When you hear the term “brute-force attack,” you may think about a savagely violent person or animal aggressively attacking another being. But if you’re in cybersecurity, you may envision something completely different—although no less frightening.
In technology, a brute-force attack is when a hacker uses automated software to hammer an organization’s system with usernames, passwords, or passphrases until it successfully guesses the right combination and gains entry to that system. Such attacks are often the most successful when system passwords are fairly short because a brute-force attack moves quickly and isn’t as effective if there are longer passwords or passphrases to handle.
Hackers use brute-force attacks to gain entry to a system illegally so they can steal valuable data from that website, shut it down, or execute another kind of attack. Another tactic is for the hacker to gain access to your system and then wait to use that access later.
A recent six-month study by Proofpoint of major cloud service tenants finds that there are “massive” brute-force attacks coming mainly from Nigeria, but also from China, Brazil, South Africa, and the United States. Most of those attacks leveraged IMAP and used compromised network devices such as routers and servers to launch attacks. Unfortunately, the brute-force attacks found success 44 percent of the time.
Despite the increasing frequency of such attacks, there are ways that organizations can protect themselves. Among them:
- Three strikes and you’re out. Systems need to lock out users who have three failed login. A downside is that implementing such a protocol means that one hacker can lock up several accounts, which can lead to a denial of service for users and one big headache for the administrator who must unlock each account. One way around this may be to use a progressive delay, which locks the account for a certain period, each time longer than the previous one. Such delays take the teeth out of a brute-force attack because it becomes slow and inefficient.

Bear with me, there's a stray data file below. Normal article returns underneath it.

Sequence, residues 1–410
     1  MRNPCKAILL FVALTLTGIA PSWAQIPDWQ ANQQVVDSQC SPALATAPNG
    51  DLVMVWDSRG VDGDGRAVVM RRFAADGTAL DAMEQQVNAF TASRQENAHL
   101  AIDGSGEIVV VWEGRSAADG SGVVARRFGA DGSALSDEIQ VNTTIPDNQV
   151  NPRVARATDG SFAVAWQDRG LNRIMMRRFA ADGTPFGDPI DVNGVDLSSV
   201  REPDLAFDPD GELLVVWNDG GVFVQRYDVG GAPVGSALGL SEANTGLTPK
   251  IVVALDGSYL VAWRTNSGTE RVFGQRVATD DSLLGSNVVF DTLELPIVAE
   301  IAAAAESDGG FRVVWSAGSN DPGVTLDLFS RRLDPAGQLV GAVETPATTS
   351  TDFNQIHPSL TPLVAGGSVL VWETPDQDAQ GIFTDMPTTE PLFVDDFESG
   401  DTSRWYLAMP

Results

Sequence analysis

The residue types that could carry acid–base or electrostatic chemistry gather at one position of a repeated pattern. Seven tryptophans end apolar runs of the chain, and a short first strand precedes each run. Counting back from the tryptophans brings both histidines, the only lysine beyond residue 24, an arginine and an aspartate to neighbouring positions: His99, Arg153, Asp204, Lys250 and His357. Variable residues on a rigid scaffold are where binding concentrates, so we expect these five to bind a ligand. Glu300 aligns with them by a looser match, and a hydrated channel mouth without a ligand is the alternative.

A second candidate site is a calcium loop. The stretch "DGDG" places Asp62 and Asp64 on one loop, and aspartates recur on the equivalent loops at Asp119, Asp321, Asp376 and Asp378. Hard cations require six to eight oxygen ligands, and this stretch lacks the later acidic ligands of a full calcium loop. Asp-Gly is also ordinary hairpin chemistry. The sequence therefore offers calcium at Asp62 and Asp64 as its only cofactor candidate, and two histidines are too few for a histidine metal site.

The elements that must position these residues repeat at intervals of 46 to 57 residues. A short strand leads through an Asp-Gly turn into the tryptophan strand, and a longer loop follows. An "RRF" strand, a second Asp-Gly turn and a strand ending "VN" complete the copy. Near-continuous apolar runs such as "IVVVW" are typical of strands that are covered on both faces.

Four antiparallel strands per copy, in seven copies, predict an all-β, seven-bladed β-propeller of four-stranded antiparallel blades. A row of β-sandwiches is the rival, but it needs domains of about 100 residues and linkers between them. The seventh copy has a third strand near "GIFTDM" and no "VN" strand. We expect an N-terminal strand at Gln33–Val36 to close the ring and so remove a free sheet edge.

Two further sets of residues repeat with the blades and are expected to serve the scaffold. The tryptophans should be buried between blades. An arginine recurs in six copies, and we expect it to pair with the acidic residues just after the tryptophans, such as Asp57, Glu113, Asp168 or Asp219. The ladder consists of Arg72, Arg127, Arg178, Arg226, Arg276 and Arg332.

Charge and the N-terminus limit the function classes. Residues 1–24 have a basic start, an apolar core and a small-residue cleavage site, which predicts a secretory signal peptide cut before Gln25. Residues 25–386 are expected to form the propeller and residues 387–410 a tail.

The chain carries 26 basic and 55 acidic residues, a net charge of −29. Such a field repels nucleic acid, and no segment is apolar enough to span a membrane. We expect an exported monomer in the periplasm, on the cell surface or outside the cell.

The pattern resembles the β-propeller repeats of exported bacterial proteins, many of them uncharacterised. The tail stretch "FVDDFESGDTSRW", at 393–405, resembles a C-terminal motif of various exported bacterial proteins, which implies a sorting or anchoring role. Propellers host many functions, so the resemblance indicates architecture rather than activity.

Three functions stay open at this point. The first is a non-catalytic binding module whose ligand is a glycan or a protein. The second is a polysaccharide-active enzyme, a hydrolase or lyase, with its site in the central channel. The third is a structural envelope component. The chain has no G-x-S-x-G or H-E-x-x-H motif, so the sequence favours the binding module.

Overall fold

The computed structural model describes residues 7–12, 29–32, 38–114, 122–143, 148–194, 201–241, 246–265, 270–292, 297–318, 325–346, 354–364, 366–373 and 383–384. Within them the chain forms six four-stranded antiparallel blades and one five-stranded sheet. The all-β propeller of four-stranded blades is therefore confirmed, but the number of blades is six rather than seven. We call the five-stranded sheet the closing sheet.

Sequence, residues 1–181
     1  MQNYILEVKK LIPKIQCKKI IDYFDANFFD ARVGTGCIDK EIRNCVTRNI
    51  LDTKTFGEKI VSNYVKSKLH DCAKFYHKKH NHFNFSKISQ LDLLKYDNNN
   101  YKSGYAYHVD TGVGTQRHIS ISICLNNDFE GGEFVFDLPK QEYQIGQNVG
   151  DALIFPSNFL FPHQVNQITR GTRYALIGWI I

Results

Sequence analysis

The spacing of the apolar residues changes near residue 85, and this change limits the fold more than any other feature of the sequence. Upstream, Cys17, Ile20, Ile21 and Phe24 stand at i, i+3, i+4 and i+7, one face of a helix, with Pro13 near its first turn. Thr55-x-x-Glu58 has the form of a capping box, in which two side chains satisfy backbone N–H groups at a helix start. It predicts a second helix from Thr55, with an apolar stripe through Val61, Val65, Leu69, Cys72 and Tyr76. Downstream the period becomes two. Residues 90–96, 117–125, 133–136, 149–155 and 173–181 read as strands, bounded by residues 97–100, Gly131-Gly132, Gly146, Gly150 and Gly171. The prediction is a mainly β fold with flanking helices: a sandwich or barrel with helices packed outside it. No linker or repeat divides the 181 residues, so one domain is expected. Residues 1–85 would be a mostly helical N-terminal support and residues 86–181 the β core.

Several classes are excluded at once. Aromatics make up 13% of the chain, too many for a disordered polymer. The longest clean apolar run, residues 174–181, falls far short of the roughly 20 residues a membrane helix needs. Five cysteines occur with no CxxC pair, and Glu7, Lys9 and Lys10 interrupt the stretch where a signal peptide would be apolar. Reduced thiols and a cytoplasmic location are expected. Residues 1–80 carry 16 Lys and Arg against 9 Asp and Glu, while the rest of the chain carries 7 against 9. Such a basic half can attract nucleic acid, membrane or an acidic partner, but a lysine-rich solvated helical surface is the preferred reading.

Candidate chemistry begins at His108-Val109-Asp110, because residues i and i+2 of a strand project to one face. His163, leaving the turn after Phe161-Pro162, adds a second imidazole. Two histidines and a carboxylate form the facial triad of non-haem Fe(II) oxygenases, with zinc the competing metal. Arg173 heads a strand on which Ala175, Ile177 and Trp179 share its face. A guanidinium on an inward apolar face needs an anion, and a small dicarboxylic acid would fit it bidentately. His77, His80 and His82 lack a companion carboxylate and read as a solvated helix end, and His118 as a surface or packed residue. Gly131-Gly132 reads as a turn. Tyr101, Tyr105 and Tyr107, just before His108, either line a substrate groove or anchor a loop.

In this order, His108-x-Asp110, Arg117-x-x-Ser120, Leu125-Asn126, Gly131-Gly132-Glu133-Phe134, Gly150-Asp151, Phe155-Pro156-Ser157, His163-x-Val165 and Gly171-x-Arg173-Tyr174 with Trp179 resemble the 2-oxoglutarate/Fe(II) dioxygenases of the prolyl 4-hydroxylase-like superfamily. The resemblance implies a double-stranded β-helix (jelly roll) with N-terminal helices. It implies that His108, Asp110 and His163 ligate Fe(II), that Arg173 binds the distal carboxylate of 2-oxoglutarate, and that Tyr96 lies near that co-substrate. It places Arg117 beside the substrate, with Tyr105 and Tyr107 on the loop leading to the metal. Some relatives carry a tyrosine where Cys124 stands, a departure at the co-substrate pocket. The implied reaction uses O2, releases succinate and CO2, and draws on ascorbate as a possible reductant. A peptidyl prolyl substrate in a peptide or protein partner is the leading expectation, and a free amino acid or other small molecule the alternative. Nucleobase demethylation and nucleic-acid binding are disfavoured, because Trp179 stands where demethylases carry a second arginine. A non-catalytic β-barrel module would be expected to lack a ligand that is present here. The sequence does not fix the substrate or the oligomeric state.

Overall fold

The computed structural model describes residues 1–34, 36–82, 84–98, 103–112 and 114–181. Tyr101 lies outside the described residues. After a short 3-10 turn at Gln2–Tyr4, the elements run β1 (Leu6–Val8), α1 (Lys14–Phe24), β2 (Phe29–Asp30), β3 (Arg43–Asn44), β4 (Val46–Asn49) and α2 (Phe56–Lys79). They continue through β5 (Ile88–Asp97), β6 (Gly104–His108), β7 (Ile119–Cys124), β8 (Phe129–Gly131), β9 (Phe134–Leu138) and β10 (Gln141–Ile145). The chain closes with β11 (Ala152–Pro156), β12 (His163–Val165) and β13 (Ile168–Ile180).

- Employ CAPTCHA. Are you human? That’s what CAPTCHA (completely automated public Turing test) tries to ensure by requiring the user to type the letters of a distorted image. Be aware that some users don’t have kind words for CAPTCHA and find it difficult to decipher—it takes the average person about 10 seconds to solve a typical CAPTCHA.
- Require strong passwords. Passwords need to be at least eight letters with both uppercase and lowercase letters, numbers, and at least one special character. Consider password manager tools like LastPass, Dashlane, Roboform and KeePass.
- Rely on two-factor authentication. Having a password isn’t enough for a two-factor authentication, which also requires something like your cellphone number or a code that is sent to you via SMS. Some companies will allow users to verify a device only once, while others will require authentication every month or every year.
With the increase of brute-force attacks from abroad and at home, it’s clear that companies must get smarter about how they keep the bad guys from coming in the front door—and employ the right security to lock them out.